In the letter sent to Tim Chamberlain, president of Chamberlain Farms, the FDA outlines the results of an inspection of the produce packaging house and two of the growing fields as a result of epidemiological and traceback investigations, and analytical results that linked cantaloupes grown and packed on the farm to a nationwide outbreak.
It calls for the firm to provide the FDA with specific steps it has taken to correct the violations found and how they plan to prevent these violations occurring in the future.
Three dead 261 sickened
The outbreak of Salmonella enterica: Salmonella Typhimurium and Salmonella Newport killed three and sickened 261 people in 24 states between 6 July and 16 September, according to the Centers for Disease Control and Prevention (CDC).
From 14 to 31 August the FDA conducted an inspection of the produce packinghouse and growing fields and further inspected the growing fields between 19-21 September.
“Further, we note that environmental samples collected from your growing field during the inspection conducted September 19 - 21, 2012 yielded multiple isolates of Salmonella, including isolates that were indistinguishable by PFGE analyses from clinical isolates and cantaloupes that you packed,” the FDA said in the letter.
In an August inspection, the FDA found Salmonella Newport with a PFGE pattern indistinguishable from that of the outbreak strain was isolated from seven of 50 these environmental swabs and Salmonella Anatum was isolated from two of 50 environmental swabs.
“Although these corrections were made at the time of inspection, you have not provided FDA with any information demonstrating long-term corrective actions throughout your firm,” the agency continued.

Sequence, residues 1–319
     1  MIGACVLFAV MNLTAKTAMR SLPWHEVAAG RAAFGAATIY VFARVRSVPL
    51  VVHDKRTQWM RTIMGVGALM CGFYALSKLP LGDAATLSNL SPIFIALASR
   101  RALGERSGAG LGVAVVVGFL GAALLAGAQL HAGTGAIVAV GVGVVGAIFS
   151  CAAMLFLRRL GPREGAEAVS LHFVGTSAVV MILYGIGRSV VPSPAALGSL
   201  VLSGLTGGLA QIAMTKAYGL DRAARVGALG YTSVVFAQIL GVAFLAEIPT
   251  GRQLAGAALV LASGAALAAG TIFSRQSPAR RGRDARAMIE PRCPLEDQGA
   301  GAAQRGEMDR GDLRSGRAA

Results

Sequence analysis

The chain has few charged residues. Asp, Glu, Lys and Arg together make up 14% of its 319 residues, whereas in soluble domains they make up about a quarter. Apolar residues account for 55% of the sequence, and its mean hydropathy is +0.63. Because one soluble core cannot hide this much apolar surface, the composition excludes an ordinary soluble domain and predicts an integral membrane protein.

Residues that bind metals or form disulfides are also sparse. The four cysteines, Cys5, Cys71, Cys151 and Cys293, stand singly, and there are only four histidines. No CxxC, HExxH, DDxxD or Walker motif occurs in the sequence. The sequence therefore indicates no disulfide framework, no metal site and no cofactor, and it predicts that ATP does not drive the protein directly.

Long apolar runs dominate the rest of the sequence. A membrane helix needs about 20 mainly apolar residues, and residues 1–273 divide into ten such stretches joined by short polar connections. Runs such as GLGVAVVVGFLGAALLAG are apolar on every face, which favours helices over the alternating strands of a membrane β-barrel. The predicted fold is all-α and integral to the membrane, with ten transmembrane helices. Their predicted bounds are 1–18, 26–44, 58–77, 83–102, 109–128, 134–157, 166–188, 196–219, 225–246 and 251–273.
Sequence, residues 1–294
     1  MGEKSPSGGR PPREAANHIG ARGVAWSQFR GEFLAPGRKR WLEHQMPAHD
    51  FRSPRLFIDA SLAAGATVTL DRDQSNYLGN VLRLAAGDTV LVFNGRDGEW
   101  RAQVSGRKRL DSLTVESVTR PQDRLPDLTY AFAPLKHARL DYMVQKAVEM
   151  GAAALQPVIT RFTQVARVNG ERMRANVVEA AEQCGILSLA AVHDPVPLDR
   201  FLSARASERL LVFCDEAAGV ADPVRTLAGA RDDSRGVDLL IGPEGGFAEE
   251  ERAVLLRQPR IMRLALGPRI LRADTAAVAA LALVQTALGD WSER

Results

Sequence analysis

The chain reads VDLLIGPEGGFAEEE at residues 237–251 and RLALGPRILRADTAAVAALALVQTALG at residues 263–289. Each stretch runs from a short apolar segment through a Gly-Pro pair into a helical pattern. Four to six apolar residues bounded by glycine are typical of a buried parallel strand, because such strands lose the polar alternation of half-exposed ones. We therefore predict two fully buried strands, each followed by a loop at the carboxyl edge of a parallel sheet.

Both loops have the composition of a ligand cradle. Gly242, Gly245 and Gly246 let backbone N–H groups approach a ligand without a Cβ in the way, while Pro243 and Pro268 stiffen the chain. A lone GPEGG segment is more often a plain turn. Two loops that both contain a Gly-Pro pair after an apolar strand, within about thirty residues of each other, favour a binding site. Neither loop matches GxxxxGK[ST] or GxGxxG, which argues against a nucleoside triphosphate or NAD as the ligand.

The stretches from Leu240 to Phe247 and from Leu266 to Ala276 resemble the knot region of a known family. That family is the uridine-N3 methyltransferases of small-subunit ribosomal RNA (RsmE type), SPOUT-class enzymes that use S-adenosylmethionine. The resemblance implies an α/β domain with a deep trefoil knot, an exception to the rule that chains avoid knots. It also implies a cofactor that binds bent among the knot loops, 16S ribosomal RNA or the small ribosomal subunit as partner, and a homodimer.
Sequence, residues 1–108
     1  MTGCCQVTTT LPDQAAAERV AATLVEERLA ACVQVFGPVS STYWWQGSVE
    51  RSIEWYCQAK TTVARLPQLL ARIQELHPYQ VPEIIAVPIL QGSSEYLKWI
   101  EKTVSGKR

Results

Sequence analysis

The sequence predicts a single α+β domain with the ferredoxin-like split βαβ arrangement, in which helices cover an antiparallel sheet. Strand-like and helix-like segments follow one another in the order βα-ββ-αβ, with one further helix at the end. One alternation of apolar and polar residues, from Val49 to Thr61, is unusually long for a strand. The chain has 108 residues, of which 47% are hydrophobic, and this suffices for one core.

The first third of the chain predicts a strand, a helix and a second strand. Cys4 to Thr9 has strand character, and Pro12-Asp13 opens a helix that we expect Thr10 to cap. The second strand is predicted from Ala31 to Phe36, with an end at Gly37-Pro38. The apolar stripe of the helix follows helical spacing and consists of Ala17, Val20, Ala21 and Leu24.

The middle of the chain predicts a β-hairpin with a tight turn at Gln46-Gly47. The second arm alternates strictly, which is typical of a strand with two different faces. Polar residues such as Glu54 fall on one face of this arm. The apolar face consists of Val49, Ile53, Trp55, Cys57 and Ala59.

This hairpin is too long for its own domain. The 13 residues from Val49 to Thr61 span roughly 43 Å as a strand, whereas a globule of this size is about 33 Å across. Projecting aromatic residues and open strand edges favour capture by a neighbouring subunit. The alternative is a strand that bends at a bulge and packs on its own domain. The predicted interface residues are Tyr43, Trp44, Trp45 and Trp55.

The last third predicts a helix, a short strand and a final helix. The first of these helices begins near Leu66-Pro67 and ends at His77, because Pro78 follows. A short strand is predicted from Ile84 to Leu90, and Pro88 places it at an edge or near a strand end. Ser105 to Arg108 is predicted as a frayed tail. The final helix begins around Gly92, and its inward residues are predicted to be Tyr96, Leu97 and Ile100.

No expectation of Salmonella free
FDA does not expect melons to be grown in a Salmonella free environment; however the findings suggest a source that is wide-spread and not consistent with background contamination.
Investigators documented seven conditions and practices that may have contributed to the contamination of the products with Salmonella.
However, it also noted two corrective actions while the inspection was on going. The full letter can be read HERE.
Chamberlain Farms sent a response to the FDA yesterday (Thursday).
In a seperate statement sent to FoodQualityNews.com the farm said it would not grow cantaloupes in 2013 and had dismantled and disposed of its cantaloupe packing equipment.
It added that sampling performed by a food safety microbiologist revealed that the bacterium linked to the outbreak was found in the surronding area.
"In short, while there was bacterial contamination present in CFP growing fields and produce, the identical strains of salmonella were sampled and isolated from various sources adjoining CFP fields.
"This means that that the source of the bacterial contamination was not CFP’s packing facilities, equipment or operations," added the statement.
"The overwhelming evidence is that the bacterium that caused human illness was found in the growing fields from sources off of the CFP fields and was unrelated to any observed conditions of the CFP packing equipment, facilities or as a result of CFP operating procedures in connection with cleaning or packing its produce for distribution to the market."